The senses tell the story of the Church of Santa Maria del Monte

The senses tell the story of the Church of San Paolo

Piazza Duomo, the elephant fountain, the heart of the city

The Madonna dei Conadomini and the art of devotion

St. Agatha and the candelore

The senses tell the Cathedral of San Giorgio

The Badia di Sant’Agata (St. Agatha’s Abbey)

Luminous sacred spaces

The works in the church

The senses tell of Palazzo della Cancelleria

Expansion, spatiality and light in the church of San Domenico

The senses tell the story of the Church of San Giovanni Evangelista

From the end of the world to rebirth from the rubble

The Franciscan convent

The interiors: diffused light and Byzantine relics

Palazzo Trigona: a building with a complex shape

The senses tell the story of the Church of San Benedetto

The Antonino Uccello Birthplace Museum

The senses tell the Cathedral of San Giorgio

The Benedictines’ library

The senses tell about Palazzo Zacco

The two churches

The city of Modica, a balance between nature and urbanism

The Monte delle Prestanze in the new city layout

The casket of austerity under the great dome

The Church of St. Julian on Via dei Crociferi

The Infiorata of Noto, a modern tradition

The senses tell the Church of San Michele

Altars, saints and sculptural works

The illusion of light and the decorative splendour

San Domenico and Gagliardi’s work

The senses tell the Cathedral of Sant’Agata

The Church of Madonna della Stella

Verticality and dynamism of the façade of the Church of San Carlo

Unusual iconographies: the Burgos crucifix

The new roads of the city

The senses tell the Benedictine Monastery and the Church of San Nicolò l’Arena

The eagle-shaped city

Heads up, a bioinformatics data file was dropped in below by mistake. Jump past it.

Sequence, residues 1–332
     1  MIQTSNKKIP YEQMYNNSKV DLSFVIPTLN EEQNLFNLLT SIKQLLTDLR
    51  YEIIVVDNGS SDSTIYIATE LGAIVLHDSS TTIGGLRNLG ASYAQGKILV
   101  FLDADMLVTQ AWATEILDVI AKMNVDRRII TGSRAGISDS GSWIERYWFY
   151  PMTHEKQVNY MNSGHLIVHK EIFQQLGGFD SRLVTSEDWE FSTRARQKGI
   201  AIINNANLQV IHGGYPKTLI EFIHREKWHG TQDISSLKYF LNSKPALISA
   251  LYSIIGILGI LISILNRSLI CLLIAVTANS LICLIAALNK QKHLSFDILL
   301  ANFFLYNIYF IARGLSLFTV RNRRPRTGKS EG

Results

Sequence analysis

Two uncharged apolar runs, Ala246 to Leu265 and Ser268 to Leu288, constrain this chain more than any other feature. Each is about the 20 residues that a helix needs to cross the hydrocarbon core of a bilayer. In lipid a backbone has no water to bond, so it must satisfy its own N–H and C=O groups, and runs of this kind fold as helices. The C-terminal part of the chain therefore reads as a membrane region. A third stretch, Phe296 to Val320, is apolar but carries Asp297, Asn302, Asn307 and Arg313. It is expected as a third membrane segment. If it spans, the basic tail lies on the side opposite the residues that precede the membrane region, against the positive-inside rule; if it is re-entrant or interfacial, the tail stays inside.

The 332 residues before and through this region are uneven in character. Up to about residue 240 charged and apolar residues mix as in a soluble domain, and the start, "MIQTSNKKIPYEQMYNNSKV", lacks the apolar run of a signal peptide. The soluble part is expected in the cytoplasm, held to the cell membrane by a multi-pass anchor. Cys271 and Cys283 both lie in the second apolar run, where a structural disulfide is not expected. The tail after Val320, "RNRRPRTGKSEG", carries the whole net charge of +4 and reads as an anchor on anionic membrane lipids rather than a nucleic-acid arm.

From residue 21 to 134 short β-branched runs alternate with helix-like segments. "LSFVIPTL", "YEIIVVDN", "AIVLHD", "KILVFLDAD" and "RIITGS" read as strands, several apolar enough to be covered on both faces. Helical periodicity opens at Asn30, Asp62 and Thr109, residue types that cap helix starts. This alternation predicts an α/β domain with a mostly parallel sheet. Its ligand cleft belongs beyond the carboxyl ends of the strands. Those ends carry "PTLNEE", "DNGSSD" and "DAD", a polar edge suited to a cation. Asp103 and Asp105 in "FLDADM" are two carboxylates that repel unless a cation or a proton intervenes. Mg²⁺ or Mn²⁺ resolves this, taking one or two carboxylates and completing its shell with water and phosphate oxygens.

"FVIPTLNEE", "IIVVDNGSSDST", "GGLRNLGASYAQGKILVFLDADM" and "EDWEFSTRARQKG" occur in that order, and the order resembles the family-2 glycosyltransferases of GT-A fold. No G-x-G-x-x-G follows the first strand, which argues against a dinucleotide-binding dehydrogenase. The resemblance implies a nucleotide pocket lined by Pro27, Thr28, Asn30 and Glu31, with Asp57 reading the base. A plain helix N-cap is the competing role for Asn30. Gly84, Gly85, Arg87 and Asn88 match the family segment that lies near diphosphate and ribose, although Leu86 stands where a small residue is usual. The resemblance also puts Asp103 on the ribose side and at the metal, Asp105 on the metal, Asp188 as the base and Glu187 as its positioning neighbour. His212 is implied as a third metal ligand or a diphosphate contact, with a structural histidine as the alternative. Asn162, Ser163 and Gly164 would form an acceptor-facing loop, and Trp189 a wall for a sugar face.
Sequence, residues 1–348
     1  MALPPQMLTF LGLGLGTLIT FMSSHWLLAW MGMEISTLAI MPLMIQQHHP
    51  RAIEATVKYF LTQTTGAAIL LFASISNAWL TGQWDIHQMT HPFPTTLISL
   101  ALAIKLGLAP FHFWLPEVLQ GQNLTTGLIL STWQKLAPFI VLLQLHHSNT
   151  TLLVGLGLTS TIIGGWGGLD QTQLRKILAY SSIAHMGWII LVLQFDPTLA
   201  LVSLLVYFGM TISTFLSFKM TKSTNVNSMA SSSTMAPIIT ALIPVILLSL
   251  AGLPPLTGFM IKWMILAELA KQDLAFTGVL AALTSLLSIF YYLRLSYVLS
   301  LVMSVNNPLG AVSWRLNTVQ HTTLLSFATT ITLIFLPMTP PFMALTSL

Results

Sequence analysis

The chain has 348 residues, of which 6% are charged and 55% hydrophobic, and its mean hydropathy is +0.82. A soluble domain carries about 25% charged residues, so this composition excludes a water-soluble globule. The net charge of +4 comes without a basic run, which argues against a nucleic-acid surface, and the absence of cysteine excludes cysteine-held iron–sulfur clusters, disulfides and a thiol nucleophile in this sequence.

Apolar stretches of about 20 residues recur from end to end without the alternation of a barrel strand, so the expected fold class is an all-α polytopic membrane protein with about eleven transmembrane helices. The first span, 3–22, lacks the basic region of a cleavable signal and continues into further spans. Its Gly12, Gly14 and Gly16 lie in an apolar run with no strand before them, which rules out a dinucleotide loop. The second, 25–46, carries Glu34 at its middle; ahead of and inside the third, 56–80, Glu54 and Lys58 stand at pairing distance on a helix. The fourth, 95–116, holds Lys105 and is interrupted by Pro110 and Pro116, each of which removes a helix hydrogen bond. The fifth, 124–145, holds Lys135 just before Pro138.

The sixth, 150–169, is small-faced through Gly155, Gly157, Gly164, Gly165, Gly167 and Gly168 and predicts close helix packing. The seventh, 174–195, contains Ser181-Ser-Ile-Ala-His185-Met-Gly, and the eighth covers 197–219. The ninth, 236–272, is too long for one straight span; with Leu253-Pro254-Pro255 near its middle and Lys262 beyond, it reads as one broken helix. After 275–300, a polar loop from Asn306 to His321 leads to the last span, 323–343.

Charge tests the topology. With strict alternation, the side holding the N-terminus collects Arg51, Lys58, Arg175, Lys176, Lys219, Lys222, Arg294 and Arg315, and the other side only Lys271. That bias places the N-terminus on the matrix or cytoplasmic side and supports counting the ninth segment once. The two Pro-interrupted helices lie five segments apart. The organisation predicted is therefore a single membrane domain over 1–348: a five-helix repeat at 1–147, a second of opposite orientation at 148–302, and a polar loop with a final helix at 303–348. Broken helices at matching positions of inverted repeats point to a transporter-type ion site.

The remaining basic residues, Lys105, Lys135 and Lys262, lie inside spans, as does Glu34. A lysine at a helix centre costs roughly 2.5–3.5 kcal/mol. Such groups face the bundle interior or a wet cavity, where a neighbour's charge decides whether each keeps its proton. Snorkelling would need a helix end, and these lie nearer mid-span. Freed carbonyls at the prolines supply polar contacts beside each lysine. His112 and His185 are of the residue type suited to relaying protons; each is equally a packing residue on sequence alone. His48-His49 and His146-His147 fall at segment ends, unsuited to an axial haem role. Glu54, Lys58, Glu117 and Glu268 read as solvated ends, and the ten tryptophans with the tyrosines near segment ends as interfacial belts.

The Staircase of Angels

Geometry and wonder in civic architecture in the Baroque of the Val di Noto

The senses tell about Palazzo Ducezio

Scenography and devotion for St. Agatha

The city palace

The expansion of space and changing reality

The Church of St. Francis

The articulated interior spaces

A casket of precious works

The beginning of an authentic Baroque conception

The Monastery of the Benedictine nuns

The senses tell the story of the Church of San Giuliano ai Crociferi

The triumph of Baroque: expansion of spaces

Expanded spaces, stucco and colourful lights

Garden of Novices and the restorations by Giancarlo De Carlo

The Church of St. John the Evangelist

The church and the monastery

The Church of St. Benedict

The neo-Gothic seminary chapel: symbols, light and space

Militello: The story of an enlightened fiefdom

The senses tell the story of the Church of San Carlo and the former Jesuit college

A story of rebirth

The city within the city

The senses tell the story of the Church of the Badia di Sant’Agata

The dynamics of the Church of San Michele

Palazzo Trigona di Canicarao

The Church of St. Paul

A unifying project for the city of Catania

Reconstruction after the earthquake

The senses tell the Church of San Domenico